Golkar crisis: Unhealthy party politics

The state should let Golkar sort out its own problems and choose which coalition suits its ideals and interests, says the paper.


Coordinating Minister for the Economy Airlangga Hartarto (right) walks into the room for his examination at the Attorney General's Office in Jakarta earlier this month. PHOTO: ANTARA/THE JAKARTA POST

July 27, 2023

JAKARTA – If Indonesia wants to protect what is left of its waning democracy, it needs to keep its party politics healthy through a democratic system that allows for a fair contest for power among competing factions within parties.

Unfortunately, this system does not always work, considering the persistence of clientelism and vote-buying in Indonesian politics. Nevertheless, at least until recently, we still had healthy competition within political parties, with little interference, if any, from the state.

We are therefore deeply concerned by the recent leadership crisis within the Golkar Party, which has shown many signs of state interference. This is alarming in many ways, especially because it is occurring just months before the elections.

Let’s face it, Golkar is arguably the most democratic party in the country despite its dark past as a political vehicle of the New Order that was involved in various forms of vote rigging. The party may not be able to shed its reputation as the party of the oligarchs, but its party politics is competitive enough to allow for meaningful leadership changes. Other major political parties are either fully controlled by certain figures or families, or simply too weak to withstand the power of money, meaning they can be “bought” by wealthy outsiders.

It is hard to imagine anyone other than Megawati Soekarnoputri as leader of the Indonesian Democratic Party of Struggle (PDI-P) and the party’s leadership is not interested in the idea of electing a cadre outside of the Sukarno family. The same could be said about Prabowo Subianto’s power within the Gerindra Party, the Yudhoyonos in the Democratic Party and Surya Paloh in the NasDem Party. The fact that Prabowo and Surya built their political careers through Golkar is a testament to Golkar’s maturity.

With the elections just around the corner, several Golkar cadres have called for an extraordinary congress to unseat chairman Airlangga Hartarto. Airlangga was granted a presidential nomination a few years ago but is failing to boost his popularity.

This crisis was not triggered, at least not directly, by Airlangga’s poor results at the polls, but by his alleged plan to leave the two pro-government coalitions, one of which is led by the PDI-P and the other by the Gerindra Party and join the opposition coalition led by the NasDem Party. This speculation arose from the attendance of Golkar executives at a recent NasDem party, which featured a political speech by its presidential nominee, Anies Baswedan.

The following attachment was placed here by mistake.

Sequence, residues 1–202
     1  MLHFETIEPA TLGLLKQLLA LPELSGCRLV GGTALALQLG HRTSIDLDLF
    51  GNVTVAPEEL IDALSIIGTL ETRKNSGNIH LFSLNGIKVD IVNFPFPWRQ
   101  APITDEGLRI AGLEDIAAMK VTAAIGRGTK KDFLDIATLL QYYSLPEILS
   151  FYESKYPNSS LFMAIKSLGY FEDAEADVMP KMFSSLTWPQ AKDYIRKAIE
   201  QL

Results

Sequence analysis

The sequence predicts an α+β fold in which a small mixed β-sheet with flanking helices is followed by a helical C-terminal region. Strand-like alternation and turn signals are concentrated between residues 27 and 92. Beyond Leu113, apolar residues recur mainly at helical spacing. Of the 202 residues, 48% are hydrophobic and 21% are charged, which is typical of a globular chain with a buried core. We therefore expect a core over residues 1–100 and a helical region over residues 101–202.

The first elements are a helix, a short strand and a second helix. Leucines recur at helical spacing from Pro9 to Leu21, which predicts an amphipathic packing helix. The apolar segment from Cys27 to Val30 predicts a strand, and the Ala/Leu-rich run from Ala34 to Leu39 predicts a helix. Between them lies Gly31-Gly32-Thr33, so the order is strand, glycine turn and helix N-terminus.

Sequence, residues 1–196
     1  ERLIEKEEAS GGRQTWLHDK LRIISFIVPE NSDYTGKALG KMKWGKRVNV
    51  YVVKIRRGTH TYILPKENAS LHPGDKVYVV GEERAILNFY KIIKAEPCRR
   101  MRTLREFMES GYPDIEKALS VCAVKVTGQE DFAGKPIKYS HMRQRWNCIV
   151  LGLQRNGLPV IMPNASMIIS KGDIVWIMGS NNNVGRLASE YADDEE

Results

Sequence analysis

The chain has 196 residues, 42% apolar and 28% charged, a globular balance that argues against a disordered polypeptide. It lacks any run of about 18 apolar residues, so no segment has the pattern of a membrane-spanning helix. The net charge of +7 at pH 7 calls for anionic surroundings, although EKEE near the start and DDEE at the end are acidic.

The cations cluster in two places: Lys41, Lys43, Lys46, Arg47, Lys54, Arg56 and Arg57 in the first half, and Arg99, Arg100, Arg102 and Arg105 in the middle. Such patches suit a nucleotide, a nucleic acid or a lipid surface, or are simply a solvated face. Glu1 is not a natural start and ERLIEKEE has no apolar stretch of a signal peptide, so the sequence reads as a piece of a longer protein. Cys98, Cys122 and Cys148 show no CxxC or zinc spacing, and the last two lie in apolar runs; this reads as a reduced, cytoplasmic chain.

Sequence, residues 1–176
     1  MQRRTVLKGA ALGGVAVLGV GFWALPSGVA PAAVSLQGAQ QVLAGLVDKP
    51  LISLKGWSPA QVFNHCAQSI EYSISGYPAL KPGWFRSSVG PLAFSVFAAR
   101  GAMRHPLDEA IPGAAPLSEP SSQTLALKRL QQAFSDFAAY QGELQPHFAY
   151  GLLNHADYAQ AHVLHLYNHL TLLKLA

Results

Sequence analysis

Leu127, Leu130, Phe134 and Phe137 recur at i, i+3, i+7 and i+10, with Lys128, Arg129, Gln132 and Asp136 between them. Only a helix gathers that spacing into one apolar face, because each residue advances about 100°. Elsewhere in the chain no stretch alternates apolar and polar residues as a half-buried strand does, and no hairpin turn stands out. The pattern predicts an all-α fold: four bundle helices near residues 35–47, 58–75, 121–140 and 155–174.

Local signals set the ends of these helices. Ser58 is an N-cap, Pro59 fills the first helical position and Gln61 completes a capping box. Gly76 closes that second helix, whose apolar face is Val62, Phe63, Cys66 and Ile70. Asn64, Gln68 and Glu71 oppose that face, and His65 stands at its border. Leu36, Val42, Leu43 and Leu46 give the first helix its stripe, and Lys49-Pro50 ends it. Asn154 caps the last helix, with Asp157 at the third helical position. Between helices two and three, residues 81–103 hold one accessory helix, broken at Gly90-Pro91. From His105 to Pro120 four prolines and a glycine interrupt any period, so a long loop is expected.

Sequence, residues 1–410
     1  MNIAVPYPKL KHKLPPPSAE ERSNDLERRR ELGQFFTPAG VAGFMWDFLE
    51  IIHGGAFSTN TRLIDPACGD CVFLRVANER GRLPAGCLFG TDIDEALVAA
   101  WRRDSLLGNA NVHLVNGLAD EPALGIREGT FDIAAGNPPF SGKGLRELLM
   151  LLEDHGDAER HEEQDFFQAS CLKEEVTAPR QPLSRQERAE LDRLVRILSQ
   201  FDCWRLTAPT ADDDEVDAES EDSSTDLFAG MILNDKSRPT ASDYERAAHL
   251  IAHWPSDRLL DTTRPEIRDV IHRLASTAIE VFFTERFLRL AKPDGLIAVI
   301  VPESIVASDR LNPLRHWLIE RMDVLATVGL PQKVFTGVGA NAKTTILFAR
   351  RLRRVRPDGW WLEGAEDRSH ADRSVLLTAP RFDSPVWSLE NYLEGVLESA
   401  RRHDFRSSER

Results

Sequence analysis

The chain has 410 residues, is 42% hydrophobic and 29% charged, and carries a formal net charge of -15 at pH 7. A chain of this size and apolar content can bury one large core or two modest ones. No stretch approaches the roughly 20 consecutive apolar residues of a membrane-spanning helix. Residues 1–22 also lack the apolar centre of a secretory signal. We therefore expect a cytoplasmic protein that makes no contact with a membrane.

Power struggle within Golkar is not unusual, but the latest leadership crisis is different. It shows some signs of state interference that could weaken the party’s independence and further undermine the party system as a democratic institution.

In an interview with KompasTV, Luhut Binsar Panjaitan, an influential powerbroker within the State Palace who chairs the party’s advisory board, said he was ready to contest the party leadership poll to replace Airlangga if there was support among members. He argued that the current leadership was “appearing to be selling itself short, offering itself to too many.”

It is worth noting that Luhut quit Golkar when he publicly endorsed then Jakarta governor Joko “Jokowi” Widodo as a presidential candidate. The coordinating maritime affairs and investment minister is now seen more as the right hand of the President than a Golkar party elite with considerable support among the party’s rank and file.

It does not help that as the crisis within Golkar was brewing, Airlangga was summoned by the Attorney General’s Office (AGO) for questioning over his alleged role in a palm oil graft case. It is hard to ignore the impression that the AGO’s move was political, especially when concerns have been raised over what appears to be a worrying trend of the government weaponizing law enforcement bodies for short-term political purposes.

To be clear, we do not know if there is a plot brewing within the State Palace to unseat Airlangga as part of an attempt by the President to interfere in the electoral process. Regardless of whether it is true or not, Luhut’s statement that he is ready to lead Golkar is sending the wrong message to the public, given the political backdrop.

The state should let Golkar sort out its own problems and choose which coalition suits its ideals and interests.

We must keep our party politics healthy.

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